There is no two ways about it, as organisations collect and use increasing amounts of data the way they handle that data has become increasingly complex. But one thing hasn’t changed – the necessity for effective deceased suppression practices.

The story of Imogen Holliday and her son Raffy, which hit the headlines this week, serves as a heart breaking reminder of the consequences when these practices are neglected.

A Heart breaking Reminder

Imogen Holliday, 36, experienced emotional trauma when she received a letter inviting her deceased three-year-old son, Raffy, to an appointment at a leading children’s hospital. Raffy had passed away on March 29, 2023, from inflammation of the brain caused by human herpesvirus 6B (HHV-6B). The hospital’s notification, arriving 14 months after his death, was not only a painful reminder of her loss but also an illustration of the systemic failures in handling sensitive data.

The Emotional Toll

“I just feel sick. I don’t understand how they don’t have a system that updates everybody when a child dies,” she expressed.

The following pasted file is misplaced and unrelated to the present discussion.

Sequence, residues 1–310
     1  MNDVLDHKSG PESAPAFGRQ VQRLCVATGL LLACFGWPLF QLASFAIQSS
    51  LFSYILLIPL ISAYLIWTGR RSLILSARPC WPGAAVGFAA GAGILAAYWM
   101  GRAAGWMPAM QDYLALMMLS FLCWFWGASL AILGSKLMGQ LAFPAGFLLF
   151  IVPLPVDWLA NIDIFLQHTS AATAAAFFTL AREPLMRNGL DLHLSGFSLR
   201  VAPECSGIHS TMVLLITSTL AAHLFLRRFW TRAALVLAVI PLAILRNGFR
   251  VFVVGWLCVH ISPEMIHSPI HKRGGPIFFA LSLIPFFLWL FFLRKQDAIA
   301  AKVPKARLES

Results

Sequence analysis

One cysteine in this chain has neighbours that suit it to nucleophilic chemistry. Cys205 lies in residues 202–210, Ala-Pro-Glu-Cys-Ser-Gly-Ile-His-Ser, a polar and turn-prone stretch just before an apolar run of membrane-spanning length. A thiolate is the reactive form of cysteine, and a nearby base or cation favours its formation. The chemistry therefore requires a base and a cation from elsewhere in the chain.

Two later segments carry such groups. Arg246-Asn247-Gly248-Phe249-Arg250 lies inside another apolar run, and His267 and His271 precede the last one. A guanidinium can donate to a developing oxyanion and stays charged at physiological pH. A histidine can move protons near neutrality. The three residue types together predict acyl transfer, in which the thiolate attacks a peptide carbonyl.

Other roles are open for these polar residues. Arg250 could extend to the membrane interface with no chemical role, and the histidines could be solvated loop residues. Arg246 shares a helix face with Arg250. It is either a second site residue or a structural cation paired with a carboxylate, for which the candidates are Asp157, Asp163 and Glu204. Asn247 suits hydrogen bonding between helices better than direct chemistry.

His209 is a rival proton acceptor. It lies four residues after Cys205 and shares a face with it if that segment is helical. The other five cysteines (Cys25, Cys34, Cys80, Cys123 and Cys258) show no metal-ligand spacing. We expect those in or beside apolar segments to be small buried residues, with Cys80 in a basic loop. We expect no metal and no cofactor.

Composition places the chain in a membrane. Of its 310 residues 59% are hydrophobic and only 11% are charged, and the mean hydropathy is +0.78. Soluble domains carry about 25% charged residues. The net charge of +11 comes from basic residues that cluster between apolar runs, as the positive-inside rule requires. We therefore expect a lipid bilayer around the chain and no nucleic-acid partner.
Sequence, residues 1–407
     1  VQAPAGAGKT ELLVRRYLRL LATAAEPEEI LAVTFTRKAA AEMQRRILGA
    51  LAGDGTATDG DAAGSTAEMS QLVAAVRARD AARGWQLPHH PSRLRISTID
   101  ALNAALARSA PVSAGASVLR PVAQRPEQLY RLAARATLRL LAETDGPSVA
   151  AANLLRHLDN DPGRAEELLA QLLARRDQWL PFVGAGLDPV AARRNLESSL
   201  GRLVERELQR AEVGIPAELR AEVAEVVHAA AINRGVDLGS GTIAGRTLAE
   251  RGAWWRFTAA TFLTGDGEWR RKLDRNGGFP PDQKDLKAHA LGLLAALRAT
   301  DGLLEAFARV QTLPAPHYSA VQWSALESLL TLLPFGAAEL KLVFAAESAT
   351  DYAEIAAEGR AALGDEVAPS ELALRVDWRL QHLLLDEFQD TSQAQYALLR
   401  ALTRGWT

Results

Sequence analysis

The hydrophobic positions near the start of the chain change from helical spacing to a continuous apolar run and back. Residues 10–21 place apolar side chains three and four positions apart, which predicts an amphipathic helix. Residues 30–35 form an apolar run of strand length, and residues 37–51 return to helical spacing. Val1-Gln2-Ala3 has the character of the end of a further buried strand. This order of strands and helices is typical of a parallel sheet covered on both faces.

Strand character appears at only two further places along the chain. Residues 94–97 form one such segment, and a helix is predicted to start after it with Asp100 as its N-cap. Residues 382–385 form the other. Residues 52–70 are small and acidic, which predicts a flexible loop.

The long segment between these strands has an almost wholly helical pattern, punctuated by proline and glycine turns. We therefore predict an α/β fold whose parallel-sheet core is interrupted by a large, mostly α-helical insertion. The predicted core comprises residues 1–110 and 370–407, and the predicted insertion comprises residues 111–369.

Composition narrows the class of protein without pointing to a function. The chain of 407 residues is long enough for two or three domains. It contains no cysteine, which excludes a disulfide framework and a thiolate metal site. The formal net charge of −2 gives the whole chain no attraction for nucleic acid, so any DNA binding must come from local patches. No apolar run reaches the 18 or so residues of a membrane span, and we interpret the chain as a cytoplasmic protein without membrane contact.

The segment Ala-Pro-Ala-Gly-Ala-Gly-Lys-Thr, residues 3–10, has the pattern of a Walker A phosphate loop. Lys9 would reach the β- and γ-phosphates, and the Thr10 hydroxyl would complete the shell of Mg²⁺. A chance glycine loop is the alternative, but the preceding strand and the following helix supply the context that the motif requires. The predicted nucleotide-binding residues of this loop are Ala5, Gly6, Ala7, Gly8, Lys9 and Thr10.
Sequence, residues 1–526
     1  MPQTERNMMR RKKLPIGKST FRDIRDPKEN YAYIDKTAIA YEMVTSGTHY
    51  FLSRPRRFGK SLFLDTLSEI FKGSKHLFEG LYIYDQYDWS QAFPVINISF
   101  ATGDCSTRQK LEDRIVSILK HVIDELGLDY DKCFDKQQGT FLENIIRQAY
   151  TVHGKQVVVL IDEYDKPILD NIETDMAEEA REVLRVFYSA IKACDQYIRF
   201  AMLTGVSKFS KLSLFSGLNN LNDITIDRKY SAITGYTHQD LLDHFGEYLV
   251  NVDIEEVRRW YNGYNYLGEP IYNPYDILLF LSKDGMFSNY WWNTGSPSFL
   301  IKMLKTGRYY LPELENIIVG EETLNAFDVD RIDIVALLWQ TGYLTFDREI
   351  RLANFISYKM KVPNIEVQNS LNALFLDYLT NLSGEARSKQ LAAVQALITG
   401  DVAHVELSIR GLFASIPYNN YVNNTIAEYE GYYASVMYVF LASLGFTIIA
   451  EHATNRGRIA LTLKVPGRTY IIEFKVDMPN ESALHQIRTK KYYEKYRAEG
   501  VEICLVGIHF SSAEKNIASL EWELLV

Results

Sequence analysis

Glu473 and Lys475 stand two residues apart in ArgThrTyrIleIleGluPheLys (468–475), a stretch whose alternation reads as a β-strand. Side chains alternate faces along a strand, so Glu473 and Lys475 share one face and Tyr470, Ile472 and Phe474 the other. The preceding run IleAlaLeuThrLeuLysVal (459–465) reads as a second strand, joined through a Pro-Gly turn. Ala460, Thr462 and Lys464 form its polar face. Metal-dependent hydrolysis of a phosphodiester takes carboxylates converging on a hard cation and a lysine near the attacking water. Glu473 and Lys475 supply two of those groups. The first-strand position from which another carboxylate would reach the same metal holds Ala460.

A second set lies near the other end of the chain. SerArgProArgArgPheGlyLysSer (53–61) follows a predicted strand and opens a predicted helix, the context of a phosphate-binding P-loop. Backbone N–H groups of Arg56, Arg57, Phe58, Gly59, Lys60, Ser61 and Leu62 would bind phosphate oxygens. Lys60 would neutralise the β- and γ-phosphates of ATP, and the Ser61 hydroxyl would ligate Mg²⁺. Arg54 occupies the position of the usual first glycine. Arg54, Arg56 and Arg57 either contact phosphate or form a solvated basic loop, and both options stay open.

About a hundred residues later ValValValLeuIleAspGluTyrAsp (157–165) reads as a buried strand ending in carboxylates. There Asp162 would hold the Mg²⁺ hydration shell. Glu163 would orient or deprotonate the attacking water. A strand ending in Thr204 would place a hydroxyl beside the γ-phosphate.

“Seeing ‘outpatient appointment’ on the letter, it makes you think just how careless, how insensitive, how inappropriate, how thoughtless, how uncompassionate can you be?”

A Systemic Failure

The suggested appointment was described by the hospital as an ‘error’. While the hospital has subsequently apologised and promised to investigate, the damage has already been done.

A spokesman stated, “We are very sorry this has happened and have spoken to Raffy’s family to apologise. There is no excuse, and we can only imagine the distress it has caused. The letter, which was dated for an appointment in 2022, was accidentally sent due to a fault in a system upgrade.”

This poignant example underscores the critical importance of sensitive data handling, especially concerning deceased individuals.

Organisations must prioritise prevention of such distressing incidents. For families like the Hollidays, the emotional toll of losing a loved one is profound enough without the added burden of insensitive bureaucratic errors.